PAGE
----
JSI Seminar: The Modern Approach to Statutory Interpretation

JSI Seminar: The Modern Approach to Statutory Interpretation Speaker: Professor Dale Smith, The University of Melbourne It is now common, in Australia and in a number of other jurisdictions, to speak of “the modern approach to statutory interpretation”. Many of the details of this approach are unclear or contested. However, the modern approach consists at …

Teaching Material: The Pedagogy of Political Economy in Australian Law Schools

Teaching Material: The Pedagogy of Political Economy in Australian Law Schools CALL FOR PAPERS – submissions due by 30 June 2022 Symposium on 29 – 30 November 2022 Australia’s political and economic system is built on exploitation. From the violent foundational occupation of Indigenous lands, to the ongoing denial of Indigenous sovereignty over those lands; …

JSI Seminar: Louise Richardson-Self & Gabrielle Mardon, “Stuck in Suffering: A Philosophical Exploration of Violence”

JSI Seminar: Louise Richardson-Self & Gabrielle Mardon, “Stuck in Suffering: A Philosophical Exploration of Violence” Speakers: Louise Richardson-Self, University of Tasmania and Gabrielle Mardon, PhD candidate, University of Tasmania This paper considers and evaluates some of the elastic applications of the term “violence”. Some of the most well-known applications are structural, symbolic, epistemic, psychosocial, and …

JSI Seminar: Fidelity to Real-World Politics: Political Realism under Conditions of Modernity

JSI Seminar: Fidelity to Real-World Politics: Political Realism under Conditions of Modernity Speaker: Lukas Opacic, Sydney Law School In recent years, the debate between political moralists and political realists has enjoyed increasing relevance within the philosophical literature, and this presentation adds another voice to that debate. Lukas Opacic begins by outlining what he regards as …

JSI Seminar: Expertise for the End of History: The Rise of Comparative Constitutional Law in the 1990s

JSI Seminar: Expertise for the End of History: The Rise of Comparative Constitutional Law in the 1990s Speaker: Dr Dylan Lino, University of Queensland Since the 1990s, the fortunes of comparative constitutional law as a field of scholarly enquiry have risen stratospherically. In accounting for the field’s rapid ascent and consolidation, scholars typically identify as …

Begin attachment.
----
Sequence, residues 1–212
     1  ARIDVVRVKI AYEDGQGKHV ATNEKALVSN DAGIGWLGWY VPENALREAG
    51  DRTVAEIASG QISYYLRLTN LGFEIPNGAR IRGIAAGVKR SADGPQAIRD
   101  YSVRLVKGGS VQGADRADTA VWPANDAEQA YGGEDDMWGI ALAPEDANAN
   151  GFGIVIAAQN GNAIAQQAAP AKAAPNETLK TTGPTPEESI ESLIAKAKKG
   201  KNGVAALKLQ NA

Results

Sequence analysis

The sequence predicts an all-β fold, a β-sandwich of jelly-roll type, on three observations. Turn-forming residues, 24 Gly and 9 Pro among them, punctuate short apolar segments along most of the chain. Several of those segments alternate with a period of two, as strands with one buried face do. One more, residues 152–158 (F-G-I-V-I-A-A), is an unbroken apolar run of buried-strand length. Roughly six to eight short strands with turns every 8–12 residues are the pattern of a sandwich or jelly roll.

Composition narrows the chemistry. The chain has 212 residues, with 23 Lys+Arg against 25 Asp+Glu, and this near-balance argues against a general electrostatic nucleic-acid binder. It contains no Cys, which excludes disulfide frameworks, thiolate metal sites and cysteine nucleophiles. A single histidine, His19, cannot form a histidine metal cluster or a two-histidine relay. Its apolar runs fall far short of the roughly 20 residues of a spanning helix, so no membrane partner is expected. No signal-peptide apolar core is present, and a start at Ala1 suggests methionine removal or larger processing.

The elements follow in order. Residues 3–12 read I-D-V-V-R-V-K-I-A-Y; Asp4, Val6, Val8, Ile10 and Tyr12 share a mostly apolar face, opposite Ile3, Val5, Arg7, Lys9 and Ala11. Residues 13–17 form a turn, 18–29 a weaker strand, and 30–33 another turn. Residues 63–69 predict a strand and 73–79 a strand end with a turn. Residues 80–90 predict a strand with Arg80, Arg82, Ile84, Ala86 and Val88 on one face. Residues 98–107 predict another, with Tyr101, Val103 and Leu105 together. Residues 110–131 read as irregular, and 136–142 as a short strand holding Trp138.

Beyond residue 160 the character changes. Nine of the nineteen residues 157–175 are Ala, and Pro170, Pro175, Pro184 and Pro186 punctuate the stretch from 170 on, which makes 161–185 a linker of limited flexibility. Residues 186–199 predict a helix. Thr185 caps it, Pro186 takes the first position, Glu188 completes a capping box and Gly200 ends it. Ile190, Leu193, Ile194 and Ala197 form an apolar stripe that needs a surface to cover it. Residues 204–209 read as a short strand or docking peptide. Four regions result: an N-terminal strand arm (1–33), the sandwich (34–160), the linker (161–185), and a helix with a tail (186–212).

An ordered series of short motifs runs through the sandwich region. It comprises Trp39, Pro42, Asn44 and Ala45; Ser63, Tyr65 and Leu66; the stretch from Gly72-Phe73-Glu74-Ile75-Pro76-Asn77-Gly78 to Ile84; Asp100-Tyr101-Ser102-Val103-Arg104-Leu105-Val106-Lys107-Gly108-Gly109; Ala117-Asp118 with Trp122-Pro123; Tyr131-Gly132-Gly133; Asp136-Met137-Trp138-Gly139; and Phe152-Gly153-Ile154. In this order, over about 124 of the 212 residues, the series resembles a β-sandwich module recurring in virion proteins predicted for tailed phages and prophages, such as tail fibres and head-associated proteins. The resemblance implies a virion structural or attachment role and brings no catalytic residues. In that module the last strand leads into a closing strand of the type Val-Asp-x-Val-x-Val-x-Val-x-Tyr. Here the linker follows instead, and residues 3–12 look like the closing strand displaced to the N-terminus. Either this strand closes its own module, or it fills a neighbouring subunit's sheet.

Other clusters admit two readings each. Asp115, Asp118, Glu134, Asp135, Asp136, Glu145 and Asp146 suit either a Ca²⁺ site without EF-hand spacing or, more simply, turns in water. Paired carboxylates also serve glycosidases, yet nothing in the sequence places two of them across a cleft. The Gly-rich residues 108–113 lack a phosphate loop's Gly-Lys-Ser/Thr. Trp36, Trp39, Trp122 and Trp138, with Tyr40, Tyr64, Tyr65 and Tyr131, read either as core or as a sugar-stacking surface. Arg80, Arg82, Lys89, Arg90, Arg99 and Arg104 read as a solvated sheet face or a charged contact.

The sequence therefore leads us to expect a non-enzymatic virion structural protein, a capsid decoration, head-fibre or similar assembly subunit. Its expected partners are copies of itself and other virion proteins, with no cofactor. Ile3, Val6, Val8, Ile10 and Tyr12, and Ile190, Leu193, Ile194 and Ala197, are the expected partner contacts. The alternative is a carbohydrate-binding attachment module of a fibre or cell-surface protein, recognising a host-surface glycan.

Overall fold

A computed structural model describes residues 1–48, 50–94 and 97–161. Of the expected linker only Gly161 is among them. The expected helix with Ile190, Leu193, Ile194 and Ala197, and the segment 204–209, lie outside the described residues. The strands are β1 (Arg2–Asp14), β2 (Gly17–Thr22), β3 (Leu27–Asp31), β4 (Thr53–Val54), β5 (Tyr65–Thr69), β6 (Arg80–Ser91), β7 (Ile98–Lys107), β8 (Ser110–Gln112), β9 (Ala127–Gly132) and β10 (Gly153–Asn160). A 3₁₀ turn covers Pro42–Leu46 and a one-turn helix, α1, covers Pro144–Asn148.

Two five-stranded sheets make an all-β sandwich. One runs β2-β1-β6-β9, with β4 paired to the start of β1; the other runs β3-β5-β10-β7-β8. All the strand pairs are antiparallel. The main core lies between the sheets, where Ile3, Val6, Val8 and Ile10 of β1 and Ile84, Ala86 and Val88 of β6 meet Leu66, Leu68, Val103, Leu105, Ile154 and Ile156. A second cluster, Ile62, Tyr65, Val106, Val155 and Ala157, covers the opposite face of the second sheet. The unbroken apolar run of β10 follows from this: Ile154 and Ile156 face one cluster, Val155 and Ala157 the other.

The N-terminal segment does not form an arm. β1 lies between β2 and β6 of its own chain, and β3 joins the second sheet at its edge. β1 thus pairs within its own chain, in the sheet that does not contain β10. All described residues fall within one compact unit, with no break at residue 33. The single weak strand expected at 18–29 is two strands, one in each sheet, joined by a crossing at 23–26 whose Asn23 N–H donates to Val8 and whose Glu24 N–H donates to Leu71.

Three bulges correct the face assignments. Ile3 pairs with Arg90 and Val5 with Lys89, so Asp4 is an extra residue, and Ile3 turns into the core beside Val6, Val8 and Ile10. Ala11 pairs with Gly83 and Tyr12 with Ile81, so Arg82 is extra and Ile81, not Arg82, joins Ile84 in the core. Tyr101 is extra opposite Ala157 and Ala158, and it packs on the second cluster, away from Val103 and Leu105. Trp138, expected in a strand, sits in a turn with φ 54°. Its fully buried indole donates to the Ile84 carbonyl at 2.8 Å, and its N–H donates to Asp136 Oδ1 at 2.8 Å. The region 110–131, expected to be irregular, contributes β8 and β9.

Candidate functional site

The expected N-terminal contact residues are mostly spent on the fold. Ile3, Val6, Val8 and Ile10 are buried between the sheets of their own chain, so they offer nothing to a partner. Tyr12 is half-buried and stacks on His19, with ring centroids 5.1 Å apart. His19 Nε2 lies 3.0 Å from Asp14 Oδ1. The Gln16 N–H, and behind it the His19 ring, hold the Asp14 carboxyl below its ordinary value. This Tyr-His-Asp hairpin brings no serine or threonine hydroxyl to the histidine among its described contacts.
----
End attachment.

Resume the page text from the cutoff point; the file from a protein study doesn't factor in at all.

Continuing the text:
JSI Seminar: What is the point of going to school?

JSI seminar: What is the point of going to school? Speaker: Dr Luara Ferracioli, The University of Sydney Is there an interest that children have, qua children, which is uniquely or best served by their going to school? In the paper that Dr Luara Ferracioli will present at this seminar, she and Dr Ryan Cox argue …

JSI Seminar: Aggregated Legislative Intentions

JSI Seminar: Aggregated Legislative Intentions There is scepticism from certain sectors of legal academia and the judiciary regarding the notion of legislative intent. It seems problematic to say that a large group of people (e.g. parliament) has intent. In this paper David Tan argues that one can understand legislative intent through the lens of aggregation …

Julius Stone Address 2021: Can the People be Sovereign?

Julius Stone Address 2021: Can the People be Sovereign? The Address will be delivered by Philip Pettit, Princeton University and Australian National University The notion of sovereignty goes back to Jean Bodin, a 16th century French jurist. For him the sovereign had to be a single individual or a majoritarian committee—whether of an elite or of …

JSI Seminar: A Chinese Alternative to Sovereignty?: Revisiting the Qing Concept of ‘Stateliness’

JSI Seminar: A Chinese Alternative to Sovereignty?: Revisiting the Qing Concept of ‘Stateliness’ Speaker: Assistant Professor Ryan Mitchell, The Chinese University of Hong Kong Today, the People’s Republic of China is one of the most prominent global advocates of a (near) absolute conception of state sovereignty vis-a-vis international legal norms. It is hardly unique in …